Agriculture and threatened species
Agricultural development in the Darwin region and the risk to threatened species
At the time of reporting there were 55 threatened species known, or likely to occur, in the Darwin study area. Of these 55, two threatened animal species (the Yellow-snouted Gecko and the Alligator Rivers Yellow Chat) have more than 50% of their known distribution within the case study area, and have been used as examples for this case study. At the same time, it has been identified that the case study area contains significant areas of land suitable for a wide range of agricultural crops. Soybean is one crop for which there is strong investor interest, and as a broadacre crop requiring scale to develop as an industry, is used as an example here.
The aim is to ensure that any new cropping development in the area will occur with least impact on threatened species. Additionally, approval processes will be easier where minimal impact on threatened species can be shown.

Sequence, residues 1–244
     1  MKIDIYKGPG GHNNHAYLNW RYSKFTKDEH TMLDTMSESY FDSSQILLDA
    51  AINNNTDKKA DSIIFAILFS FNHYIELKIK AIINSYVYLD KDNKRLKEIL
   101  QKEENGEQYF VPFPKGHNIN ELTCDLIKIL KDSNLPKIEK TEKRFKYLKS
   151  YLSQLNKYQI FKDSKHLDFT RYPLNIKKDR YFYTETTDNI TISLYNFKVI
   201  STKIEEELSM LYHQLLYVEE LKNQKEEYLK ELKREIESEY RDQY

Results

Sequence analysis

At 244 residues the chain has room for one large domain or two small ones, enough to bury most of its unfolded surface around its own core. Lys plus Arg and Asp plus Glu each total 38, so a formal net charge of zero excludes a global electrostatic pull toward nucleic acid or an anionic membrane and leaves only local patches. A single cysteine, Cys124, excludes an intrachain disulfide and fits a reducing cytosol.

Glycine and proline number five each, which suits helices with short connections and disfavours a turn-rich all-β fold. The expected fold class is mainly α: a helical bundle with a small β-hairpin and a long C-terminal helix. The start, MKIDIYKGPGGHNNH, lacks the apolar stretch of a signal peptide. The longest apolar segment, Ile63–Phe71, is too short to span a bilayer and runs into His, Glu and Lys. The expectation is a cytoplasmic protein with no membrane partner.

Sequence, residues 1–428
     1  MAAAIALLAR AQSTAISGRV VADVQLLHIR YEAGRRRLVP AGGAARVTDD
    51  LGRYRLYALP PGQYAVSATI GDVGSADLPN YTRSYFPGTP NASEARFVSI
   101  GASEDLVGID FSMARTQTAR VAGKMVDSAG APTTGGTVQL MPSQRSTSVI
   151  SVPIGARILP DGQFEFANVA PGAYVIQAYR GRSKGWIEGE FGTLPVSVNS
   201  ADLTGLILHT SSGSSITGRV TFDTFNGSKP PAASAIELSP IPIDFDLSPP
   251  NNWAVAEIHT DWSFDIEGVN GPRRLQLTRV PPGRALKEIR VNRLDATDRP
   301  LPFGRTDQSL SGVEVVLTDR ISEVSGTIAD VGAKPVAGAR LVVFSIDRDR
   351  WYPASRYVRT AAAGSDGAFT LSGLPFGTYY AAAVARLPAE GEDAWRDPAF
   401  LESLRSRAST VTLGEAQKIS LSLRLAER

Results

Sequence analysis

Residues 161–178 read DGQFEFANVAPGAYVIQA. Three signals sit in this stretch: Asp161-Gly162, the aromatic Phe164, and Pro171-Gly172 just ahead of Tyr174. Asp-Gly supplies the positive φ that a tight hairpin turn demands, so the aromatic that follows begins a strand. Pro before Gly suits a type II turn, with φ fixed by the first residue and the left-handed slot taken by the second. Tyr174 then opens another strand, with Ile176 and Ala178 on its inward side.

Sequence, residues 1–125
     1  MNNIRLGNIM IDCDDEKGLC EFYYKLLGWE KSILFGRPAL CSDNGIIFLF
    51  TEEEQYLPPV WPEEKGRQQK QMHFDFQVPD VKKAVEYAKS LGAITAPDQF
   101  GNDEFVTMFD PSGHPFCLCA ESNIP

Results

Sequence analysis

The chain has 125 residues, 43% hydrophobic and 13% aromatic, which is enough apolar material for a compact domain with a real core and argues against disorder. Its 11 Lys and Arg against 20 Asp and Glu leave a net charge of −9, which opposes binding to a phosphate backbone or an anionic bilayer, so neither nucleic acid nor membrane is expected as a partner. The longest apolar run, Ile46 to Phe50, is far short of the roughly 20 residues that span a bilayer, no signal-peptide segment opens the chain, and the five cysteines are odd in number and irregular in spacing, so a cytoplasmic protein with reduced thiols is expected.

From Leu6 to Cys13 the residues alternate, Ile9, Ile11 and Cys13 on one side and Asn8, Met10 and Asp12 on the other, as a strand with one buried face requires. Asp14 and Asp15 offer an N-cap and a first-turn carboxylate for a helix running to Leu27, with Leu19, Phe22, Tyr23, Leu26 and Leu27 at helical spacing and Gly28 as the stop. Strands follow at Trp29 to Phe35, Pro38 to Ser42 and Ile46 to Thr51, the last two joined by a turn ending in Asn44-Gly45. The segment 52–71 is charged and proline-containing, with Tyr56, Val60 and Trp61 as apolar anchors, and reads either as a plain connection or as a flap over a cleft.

This case study draws together information to enable analysis of the compatibility of agricultural production and species conservation and identify the scale and location of opportunities to pursue production whilst maintaining conservation objectives.
Interrogation of both agricultural and threatened species databases showed it is possible to determine those areas of the study area where agricultural development might occur in a way with least risk of adverse impact to these two example species.
This examples provided in this case study do not seek to replace formal government land use and conservation planning processes. They are designed to show how government can maximise its use of data assets from multiple sources, integrating them in ways which can provide policy insights.
Note: this case study looked at limited species (based on one of many possible variables) and only considered direct overlap of agricultural expansion footprint with species distribution models, i.e. it does not consider indirect or associated /facilitated impacts such as loss of connectivity between areas of species habitat, changes to hydrological regimes (ground and surface water), fertiliser / pesticide use etc. and the introduction of environmental weeds and feral animals.